Snow leopards are rare and elegant creatures, combining the distinctive charm and allure of the cat family with the raw power and embodied violence of an apex predator. An untamed beast in an untameable region. They are remarkably elusive animals such that, without a skilled and experienced guide, the chances of a sighting are vanishingly small. With great stealth they prowl the Himalayas and dispatch their prey, typically Himalayan blue sheep (or Bharal) and mountain Ibex, with ferocity.

Snow Leopard

Snow leopards are well adapted to the harsh climate of the Himalayas – their long tails help them balance and are used as blankets to cover sensitive body parts against the severe mountain chills. Snow leopards are kept warm by thick hair and their wide, fur-covered feet act as natural snowshoes. Their power is such that they can kill animals three times their weight and, perhaps most strikingly, they can jump as far as 50 feet in a single leap. For thousands of years these advantages have made them perfectly at home in the Himalayan region, vulnerable till no other predators. Yet, tragically, poaching and the destruction of their habitats by humans has resulted in dramatic declines in the number of leopards.

Done right, one can trek into the mountains to see these Grey Ghosts while co-existing with the local environment, causing no harm and even benefiting the snow leopards. Through mindful, sustainable expeditions led by local experts one can travel this austerely beautiful region, interact with the people and experience local life, and witness the unique wildlife.

Ibex in the Himalayas

For this strange, alien landscape is home to a surprising diversity of animals. In fact, a visit Ladakh, sometimes called the ‘hidden Himalaya’, is one of the best wildlife tours in the Himalayas. As well as the leopards, it is also home to the Ibex, Urial and Bharal – strikingly, each one of these species has its own, distinct, curved horns. One can also find Mountain Hares, Pikas, Marmots Red Foxes, and the Tibetan Wolf, as well as a plethora of butterflies and birds – including Bearded and Himalayan griffon vultures and golden eagles.

Local guides, local knowledge

Naturally, to see these fantastic beasts one’s Himalayan expedition needs to be led by skilled trackers and spotters, who are able to draw on local, indigenous knowledge. There are trackers with a lifetime of expertise who are attuned to the regions and intuitively understand the movements of the leopards. On one such tour through the Ulley Valley (in Ladakh) the local spotters rise just before daybreak to scout for signs of leopards in the landscape, then based on this reconnaissance they decide the ideal strategy for the day and share their findings with guests over breakfast. Drawing on this knowledge the day’s tracking proceeds in the ideal way to spot the snow leopard.

Immerse yourself in the way of the locals at a lodge in Ladakh

On the same tour, guests live in quite unconventional, but very comfortable, homestay accommodation. The Snow Leopard Lodge sits in the centre of village Ulley in West Ladakh, north of the Indus River, overlooking the Ulley Chhu valley at an altitude of about 13,000 feet. It is around a 2-3 to hour drive from Leh, the joint capital of Ladakh (and a wonderful city with a distinctive Buddhist culture which the tours starts it, so that travellers can acclimatize and absorb some of the life and customs of the region). The village of Ulley is small, with only seven houses, but full of life – yaks are farmed, children play in the snow, prayer flags adorn the roods. The area is home to the high summer pastures of Yak and Dzo, as well as many magnificently horned Ibex – who pose strikingly on top of cliffs and ledges.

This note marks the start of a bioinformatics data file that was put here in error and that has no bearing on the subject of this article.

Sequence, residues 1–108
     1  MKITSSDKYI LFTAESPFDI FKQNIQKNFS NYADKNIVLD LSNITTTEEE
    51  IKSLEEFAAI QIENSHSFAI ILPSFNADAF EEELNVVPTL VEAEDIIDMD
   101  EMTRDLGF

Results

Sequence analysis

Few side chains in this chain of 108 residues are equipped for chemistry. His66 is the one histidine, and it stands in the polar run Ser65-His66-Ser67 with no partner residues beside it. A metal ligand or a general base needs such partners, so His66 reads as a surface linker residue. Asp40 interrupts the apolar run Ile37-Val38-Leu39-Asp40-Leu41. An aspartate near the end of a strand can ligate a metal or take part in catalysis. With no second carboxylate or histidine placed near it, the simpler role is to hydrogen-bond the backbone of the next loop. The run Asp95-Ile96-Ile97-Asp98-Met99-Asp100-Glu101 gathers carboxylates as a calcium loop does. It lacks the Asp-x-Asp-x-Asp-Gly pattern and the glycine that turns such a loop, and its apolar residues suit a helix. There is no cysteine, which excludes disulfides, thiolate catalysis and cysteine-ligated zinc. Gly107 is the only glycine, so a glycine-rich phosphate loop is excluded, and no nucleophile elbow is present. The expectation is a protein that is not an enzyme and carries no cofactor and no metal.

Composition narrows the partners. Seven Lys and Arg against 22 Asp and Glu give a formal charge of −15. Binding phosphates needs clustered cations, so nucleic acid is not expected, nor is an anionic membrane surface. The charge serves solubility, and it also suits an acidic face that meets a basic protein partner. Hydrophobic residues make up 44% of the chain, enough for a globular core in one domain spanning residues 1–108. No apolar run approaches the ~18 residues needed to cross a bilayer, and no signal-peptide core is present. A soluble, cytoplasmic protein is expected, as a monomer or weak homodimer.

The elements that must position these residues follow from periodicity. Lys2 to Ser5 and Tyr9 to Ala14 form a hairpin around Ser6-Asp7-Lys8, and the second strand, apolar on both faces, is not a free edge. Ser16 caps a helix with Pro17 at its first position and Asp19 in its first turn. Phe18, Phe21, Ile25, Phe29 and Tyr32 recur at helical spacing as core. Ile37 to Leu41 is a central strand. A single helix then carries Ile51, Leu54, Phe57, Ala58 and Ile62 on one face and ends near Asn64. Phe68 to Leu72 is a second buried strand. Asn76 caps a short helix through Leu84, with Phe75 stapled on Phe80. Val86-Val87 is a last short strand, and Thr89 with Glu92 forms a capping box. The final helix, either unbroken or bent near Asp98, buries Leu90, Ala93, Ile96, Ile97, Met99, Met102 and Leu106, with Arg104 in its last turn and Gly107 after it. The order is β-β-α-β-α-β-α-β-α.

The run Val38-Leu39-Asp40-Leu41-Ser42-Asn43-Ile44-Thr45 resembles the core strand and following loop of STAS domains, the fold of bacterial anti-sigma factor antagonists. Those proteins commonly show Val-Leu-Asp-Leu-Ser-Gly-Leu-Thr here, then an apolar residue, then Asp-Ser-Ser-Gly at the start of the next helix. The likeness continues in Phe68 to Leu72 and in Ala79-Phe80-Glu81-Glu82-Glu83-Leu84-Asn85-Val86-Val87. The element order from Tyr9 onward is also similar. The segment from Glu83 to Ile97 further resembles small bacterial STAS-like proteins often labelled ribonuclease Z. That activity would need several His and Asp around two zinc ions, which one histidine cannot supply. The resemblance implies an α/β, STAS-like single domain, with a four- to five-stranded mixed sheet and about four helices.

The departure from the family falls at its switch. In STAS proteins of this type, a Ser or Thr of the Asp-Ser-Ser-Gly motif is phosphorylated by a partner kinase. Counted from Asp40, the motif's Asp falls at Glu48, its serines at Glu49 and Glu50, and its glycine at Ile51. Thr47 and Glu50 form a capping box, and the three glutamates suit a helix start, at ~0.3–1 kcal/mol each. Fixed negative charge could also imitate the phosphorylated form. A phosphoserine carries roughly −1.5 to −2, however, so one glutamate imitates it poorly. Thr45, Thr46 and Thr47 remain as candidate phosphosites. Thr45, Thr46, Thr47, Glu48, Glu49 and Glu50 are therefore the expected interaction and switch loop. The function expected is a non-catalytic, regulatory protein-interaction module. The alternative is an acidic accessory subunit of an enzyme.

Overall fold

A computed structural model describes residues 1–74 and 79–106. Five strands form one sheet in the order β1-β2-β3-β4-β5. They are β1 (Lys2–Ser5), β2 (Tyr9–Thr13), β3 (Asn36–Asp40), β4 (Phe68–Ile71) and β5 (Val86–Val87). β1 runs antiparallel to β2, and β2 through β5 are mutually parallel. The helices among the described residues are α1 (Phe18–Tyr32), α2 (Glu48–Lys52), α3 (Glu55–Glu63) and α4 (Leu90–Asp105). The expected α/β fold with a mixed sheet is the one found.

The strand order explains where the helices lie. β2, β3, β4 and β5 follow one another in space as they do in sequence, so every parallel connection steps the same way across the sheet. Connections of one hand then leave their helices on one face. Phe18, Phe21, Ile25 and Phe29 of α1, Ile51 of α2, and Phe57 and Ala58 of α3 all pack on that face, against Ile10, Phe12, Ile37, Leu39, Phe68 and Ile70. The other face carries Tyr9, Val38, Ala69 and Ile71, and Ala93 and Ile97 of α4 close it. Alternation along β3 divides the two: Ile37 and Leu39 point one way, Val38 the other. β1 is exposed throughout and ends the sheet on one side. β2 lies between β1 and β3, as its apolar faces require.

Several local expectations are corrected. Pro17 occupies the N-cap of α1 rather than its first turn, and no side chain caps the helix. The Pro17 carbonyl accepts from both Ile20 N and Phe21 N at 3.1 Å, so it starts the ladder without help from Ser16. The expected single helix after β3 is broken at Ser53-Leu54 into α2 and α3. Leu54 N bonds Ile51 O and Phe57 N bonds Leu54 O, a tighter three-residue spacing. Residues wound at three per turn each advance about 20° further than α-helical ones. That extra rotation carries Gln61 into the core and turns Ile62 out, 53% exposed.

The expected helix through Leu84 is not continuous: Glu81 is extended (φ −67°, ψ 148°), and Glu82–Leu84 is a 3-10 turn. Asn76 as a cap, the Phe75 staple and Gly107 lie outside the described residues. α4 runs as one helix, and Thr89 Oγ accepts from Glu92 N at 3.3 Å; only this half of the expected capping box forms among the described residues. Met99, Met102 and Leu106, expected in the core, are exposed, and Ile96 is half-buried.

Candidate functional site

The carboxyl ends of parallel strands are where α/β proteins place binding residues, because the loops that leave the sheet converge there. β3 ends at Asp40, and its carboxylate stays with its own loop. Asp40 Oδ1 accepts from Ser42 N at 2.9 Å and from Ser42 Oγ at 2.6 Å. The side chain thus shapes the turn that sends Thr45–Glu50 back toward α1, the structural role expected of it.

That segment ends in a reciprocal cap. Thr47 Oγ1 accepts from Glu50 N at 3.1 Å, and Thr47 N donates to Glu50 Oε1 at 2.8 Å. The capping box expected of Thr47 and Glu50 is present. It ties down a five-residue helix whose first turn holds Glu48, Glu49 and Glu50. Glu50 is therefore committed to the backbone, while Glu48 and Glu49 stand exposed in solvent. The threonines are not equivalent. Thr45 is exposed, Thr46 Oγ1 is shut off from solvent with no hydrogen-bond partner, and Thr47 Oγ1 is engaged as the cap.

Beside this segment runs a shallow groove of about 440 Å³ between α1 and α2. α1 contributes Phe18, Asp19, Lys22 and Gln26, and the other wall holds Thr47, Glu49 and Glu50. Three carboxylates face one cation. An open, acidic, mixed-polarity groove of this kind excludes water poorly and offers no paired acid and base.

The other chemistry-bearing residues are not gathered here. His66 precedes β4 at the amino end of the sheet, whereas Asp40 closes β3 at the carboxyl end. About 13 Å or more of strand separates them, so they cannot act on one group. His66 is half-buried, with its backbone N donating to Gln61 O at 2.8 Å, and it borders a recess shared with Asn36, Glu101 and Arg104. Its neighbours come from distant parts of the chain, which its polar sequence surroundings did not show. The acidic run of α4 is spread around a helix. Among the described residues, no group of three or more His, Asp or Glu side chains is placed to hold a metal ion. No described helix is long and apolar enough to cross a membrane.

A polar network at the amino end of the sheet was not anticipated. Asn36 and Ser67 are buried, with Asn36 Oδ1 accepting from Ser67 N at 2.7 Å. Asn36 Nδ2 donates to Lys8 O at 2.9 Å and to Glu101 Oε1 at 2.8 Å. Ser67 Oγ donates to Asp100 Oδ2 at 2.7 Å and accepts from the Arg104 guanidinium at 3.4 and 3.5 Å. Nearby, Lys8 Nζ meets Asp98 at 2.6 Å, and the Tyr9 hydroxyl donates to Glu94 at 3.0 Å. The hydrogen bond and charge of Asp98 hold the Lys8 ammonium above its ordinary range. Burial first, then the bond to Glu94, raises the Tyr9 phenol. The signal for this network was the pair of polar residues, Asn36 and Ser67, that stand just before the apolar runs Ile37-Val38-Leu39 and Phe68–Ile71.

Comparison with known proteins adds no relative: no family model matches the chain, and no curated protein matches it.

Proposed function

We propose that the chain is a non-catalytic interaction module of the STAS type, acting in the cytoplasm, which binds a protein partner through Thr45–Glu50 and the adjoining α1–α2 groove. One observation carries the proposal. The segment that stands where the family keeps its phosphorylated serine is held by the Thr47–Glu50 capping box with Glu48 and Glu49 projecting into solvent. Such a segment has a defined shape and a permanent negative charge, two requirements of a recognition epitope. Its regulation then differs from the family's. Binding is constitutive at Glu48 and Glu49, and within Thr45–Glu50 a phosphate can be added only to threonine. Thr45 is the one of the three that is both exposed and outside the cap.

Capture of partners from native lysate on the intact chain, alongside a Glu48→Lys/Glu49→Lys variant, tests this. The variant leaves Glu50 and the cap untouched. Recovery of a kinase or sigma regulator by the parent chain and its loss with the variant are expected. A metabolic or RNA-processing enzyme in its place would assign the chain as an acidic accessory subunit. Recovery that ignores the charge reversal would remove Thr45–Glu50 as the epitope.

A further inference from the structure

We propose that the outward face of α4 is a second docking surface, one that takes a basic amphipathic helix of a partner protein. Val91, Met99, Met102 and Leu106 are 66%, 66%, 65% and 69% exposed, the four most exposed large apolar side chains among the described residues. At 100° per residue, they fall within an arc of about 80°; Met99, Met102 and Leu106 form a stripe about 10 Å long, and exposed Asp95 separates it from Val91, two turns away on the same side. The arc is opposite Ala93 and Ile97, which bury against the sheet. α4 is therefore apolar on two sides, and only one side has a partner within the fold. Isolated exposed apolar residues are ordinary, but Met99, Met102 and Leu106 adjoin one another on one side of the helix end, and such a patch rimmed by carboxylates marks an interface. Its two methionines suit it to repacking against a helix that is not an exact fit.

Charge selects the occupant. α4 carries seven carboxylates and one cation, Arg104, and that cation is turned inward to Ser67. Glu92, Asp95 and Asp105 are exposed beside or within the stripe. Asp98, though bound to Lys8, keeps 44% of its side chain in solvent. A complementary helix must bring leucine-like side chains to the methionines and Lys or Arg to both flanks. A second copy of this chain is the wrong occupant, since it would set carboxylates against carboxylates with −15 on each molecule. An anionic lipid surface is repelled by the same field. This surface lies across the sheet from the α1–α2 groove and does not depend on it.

Travellers resting at a Buddhist temple in Ladakh

Support the conservation of snow leopards

The Snow Leopard Lodge began as a homestay for one of Ladakh’s top trackers – Tchewang Norbu (Norbu, a local legend and genius for tracking, still leads expeditions) – under the auspices of the not-for-profit Snow Leopard Conservancy India. The principle behind the lodge is that the revenue provided by tourism is used to conserve the ecosystem and strengthen the home of the leopards. Snow Leopard Conservancy also works with local communities, whose livestock can be threatened by the leopards, to become stewards of the leopards and their habitat, rather than standing in conflict with them. Trekking on the trail of snow leopards in Ladakh is one of the most unique and eco-conscious ways to see the Himalayas. For other ways to experience the Himalayas without damaging the region, see our post on luxury trekking in the Himalayas.

The lodge itself is warm and well-equipped. It is shared with a Ladakhi family which offers a totally unique insight into the Ladakhi way of life. This experience may, for some, facilitate an opening into the spiritual life of this deeply Buddhist region. Indeed, among the elusive leopards, many travellers to these high planes have found inspiration in the impossible vastness of the mountains.